The diagnosis of angiosarcoma can be difficult due to its asymptomatic nature or non-specific symptoms. Initial diagnosis is typically done by MRI, CT or ultrasound scan, however it is typically difficult to discern if a mass is an angiosarcoma or other type of tumor such as a melanoma or carcinoma. This means that while the initial diagnosis is typically done via imaging, conclusive diagnosis has to be performed via biopsy and subsequent histological and immunohistochemical analysis.[5]

The marker CD31 is often considered the gold standard for angiosarcoma diagnosis due to its high sensitivity and specificity. Other markers typically used include von Willebrand factor, CD34, and vascular endothelial growth factor.[5] The absence of markers present in melanomas such as S100 and HMB-45 can help in differentiating angiosarcomas from melanomas.[3]

Epidemiology[edit]

Angiosarcomas are rare with one in a million people being diagnosed with it each year in the US.[4] Older adults are more commonly affected and there is no gender bias,[1] except in angiosarcoma of the liver where males are affected in a ratio of 3-4:1[10] and cutaneous angiosarcoma where males are again affected more commonly, particularly elderly white men.[3][7]

Animals[edit]

In dogs, hemangiosarcoma is relatively common with the golden retriever, boxer and labrador retriever at higher risk of the disease than other breeds. It occurs primarily in the spleen, liver, heart, skin and subcutaneous layer of the skin. It is rapidly fatal and metastatic and can present with anything from nonspecific signs to imminent death from tumor rupture.[12]

See also[edit]

References[edit]

  1. ^ a b c Kumar V, Abbas AK, Aster JC, eds. (2013). Robbins Basic Pathology (Ninth ed.). Elsevier/Saunders. pp. 361–362. ISBN 978-1437717815.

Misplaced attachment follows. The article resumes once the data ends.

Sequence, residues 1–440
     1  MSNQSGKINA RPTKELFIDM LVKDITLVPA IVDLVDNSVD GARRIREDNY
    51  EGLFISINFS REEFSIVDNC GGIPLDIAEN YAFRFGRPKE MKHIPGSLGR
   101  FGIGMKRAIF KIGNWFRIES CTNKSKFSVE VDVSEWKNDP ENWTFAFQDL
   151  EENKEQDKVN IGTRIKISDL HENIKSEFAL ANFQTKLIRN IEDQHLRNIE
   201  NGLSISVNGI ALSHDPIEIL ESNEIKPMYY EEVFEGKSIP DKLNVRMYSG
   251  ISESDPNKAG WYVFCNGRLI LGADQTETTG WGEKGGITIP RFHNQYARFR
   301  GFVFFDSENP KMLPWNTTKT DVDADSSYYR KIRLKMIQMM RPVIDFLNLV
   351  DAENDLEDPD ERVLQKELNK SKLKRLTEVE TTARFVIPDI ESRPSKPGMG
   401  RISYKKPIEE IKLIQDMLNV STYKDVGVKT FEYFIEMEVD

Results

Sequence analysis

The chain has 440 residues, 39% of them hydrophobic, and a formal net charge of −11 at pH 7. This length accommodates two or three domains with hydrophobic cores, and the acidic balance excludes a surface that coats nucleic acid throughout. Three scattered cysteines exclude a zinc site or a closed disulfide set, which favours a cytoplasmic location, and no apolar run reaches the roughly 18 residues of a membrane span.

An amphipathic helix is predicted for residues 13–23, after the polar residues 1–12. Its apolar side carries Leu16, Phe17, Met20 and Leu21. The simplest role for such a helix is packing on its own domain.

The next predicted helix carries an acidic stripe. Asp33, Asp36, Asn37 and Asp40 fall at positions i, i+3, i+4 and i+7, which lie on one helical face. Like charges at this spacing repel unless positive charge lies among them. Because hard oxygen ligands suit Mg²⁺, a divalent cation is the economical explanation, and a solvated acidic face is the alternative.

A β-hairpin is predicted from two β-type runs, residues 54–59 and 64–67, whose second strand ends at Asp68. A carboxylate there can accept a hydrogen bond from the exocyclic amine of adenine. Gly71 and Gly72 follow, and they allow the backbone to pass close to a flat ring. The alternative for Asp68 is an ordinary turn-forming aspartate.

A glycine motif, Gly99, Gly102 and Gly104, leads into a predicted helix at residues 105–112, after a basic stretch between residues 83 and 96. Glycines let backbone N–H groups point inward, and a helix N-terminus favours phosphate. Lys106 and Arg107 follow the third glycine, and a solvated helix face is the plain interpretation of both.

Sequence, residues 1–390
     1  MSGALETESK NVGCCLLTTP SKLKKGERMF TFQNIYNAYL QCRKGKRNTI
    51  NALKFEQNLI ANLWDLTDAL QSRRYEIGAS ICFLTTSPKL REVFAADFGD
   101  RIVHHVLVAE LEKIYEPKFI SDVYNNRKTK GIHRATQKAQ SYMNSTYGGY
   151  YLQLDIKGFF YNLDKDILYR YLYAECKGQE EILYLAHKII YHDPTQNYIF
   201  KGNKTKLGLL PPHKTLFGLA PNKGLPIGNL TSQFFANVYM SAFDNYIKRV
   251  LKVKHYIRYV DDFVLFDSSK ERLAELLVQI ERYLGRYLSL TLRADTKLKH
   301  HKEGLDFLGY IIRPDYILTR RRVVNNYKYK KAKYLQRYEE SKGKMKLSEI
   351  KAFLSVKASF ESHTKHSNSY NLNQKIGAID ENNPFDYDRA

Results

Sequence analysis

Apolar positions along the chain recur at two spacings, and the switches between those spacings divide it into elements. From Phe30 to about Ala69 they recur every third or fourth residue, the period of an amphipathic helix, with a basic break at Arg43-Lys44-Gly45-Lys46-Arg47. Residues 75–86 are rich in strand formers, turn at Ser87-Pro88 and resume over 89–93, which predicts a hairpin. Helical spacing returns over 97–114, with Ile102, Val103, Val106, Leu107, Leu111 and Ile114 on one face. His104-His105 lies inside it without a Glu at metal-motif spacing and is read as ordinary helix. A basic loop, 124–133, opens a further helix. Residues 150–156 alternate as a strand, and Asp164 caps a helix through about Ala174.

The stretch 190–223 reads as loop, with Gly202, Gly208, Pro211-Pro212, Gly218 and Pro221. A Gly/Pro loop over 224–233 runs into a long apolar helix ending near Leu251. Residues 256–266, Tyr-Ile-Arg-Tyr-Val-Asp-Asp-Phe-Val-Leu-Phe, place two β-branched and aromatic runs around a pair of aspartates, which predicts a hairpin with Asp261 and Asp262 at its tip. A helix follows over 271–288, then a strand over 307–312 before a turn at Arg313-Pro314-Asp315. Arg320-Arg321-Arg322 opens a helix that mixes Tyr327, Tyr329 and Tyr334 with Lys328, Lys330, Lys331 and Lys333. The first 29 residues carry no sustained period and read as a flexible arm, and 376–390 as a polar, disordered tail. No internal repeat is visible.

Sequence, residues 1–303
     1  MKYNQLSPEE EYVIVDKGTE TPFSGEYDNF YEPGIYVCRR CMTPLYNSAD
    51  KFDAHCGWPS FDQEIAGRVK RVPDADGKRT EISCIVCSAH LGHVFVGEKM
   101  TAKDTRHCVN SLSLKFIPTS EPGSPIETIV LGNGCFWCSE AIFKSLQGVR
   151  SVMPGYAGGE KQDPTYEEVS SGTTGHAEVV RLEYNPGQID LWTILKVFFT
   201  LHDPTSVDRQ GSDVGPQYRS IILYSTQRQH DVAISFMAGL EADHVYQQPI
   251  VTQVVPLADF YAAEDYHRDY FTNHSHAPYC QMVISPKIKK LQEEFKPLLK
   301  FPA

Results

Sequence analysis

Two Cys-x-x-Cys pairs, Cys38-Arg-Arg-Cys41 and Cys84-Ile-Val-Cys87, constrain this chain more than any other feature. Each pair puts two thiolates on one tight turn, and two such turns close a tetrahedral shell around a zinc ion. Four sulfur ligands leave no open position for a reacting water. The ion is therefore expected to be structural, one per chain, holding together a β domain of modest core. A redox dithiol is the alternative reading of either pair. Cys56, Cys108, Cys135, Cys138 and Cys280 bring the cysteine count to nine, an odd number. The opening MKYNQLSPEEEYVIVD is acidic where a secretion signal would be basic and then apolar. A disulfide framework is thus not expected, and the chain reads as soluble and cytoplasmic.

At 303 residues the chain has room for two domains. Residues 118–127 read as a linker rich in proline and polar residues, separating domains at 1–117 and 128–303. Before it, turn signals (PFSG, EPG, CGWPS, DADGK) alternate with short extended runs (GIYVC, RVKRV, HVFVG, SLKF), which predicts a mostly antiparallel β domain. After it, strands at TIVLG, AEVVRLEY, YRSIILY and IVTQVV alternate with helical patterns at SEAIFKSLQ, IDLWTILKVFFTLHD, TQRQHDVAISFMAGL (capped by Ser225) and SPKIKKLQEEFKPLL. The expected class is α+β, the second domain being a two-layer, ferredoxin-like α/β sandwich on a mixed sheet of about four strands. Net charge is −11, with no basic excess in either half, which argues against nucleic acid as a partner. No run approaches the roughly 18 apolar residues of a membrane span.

2. ^ a b c d Painter, Corrie A.; Jain, Esha; Tomson, Brett N.; Dunphy, Michael; Stoddard, Rachel E.; Thomas, Beena S.; Damon, Alyssa L.; Shah, Shahrayz; Kim, Dewey; Gómez Tejeda Zañudo, Jorge; Hornick, Jason L. (February 2020). "The Angiosarcoma Project: enabling genomic and clinical discoveries in a rare cancer through patient-partnered research". Nature Medicine. 26 (2): 181–187. doi:10.1038/s41591-019-0749-z. ISSN 1546-170X. PMID 32042194. S2CID 211074464.
  3. ^ a b c d e f g h i j k l m n Young, Robin J.; Brown, Nicola J.; Reed, Malcolm W.; Hughes, David; Woll, Penella J. (October 2010). "Angiosarcoma". The Lancet. Oncology. 11 (10): 983–991. doi:10.1016/S1470-2045(10)70023-1. ISSN 1474-5488. PMID 20537949.
  4. ^ a b c "Angiosarcoma - National Cancer Institute". www.cancer.gov. 2019-02-27. Retrieved 2021-08-08.
  5. ^ a b c Cao, Jun; Wang, Jiale; He, Chiyu; Fang, Meiyu (2019-11-01). "Angiosarcoma: a review of diagnosis and current treatment". American Journal of Cancer Research. 9 (11): 2303–2313. ISSN 2156-6976. PMC 6895451. PMID 31815036.
  6. ^ a b Zhang, Chao; Xu, Guijun; Liu, Zheng; Xu, Yao; Lin, Feng; Baklaushev, Vladimir P.; Chekhonin, Vladimir P.; Peltzer, Karl; Mao, Min; Wang, Xin; Wang, Guowen (2019-12-27). "Epidemiology, tumor characteristics and survival in patients with angiosarcoma in the United States: a population-based study of 4537 cases". Japanese Journal of Clinical Oncology. 49 (12): 1092–1099. doi:10.1093/jjco/hyz113. ISSN 1465-3621. PMID 31612920.
  7. ^ a b c d e f g h i j k l m Gaballah AH, Jensen CT, Palmquist S, Pickhardt PJ, Duran A, Broering G, Elsayes KM (July 2017). "Angiosarcoma: clinical and imaging features from head to toe". Br J Radiol. 90 (1075): 20170039. doi:10.1259/bjr.20170039. PMC 5594986. PMID 28471264.
  8. ^ La Corte, Emanuele; Acerbi, Francesco; Schiariti, Marco; Broggi, Morgan; Maderna, Emanuela; Pollo, Bianca; Nunziata, Raffaele; Maccagnano, Elio; Ferroli, Paolo (April 2015). "Primary central nervous system angiosarcoma: a case report and literature review". Neuropathology. 35 (2): 184–191. doi:10.1111/neup.12178. ISSN 1440-1789. PMID 25388456. S2CID 21199506.
  9. ^ a b c d e Patel, Swetal Dilip; Peterson, Ashley; Bartczak, Artur; Lee, Sarah; Chojnowski, Sławomir; Gajewski, Piotr; Loukas, Marios (2014). "Primary cardiac angiosarcoma – a review". Medical Science Monitor. 20: 103–109. doi:10.12659/MSM.889875. PMC 3907509. PMID 24452054.
  10. ^ a b Kumar, Anila; Sharma, Bashar; Samant, Hrishikesh (2021), "Liver Angiosarcoma", StatPearls, Treasure Island (FL): StatPearls Publishing, PMID 30855812, retrieved 2021-08-08
  11. ^ "What Is Cancer? - National Cancer Institute". www.cancer.gov. 2007-09-17. Retrieved 2021-08-09.
  12. ^ Gustafson DL, Duval DL, Regan DP, Thamm DH (August 2018). "Canine sarcomas as a surrogate for the human disease". Pharmacol Ther. 188: 80–96. doi:10.1016/j.pharmthera.2018.01.012. PMC 6432917. PMID 29378221.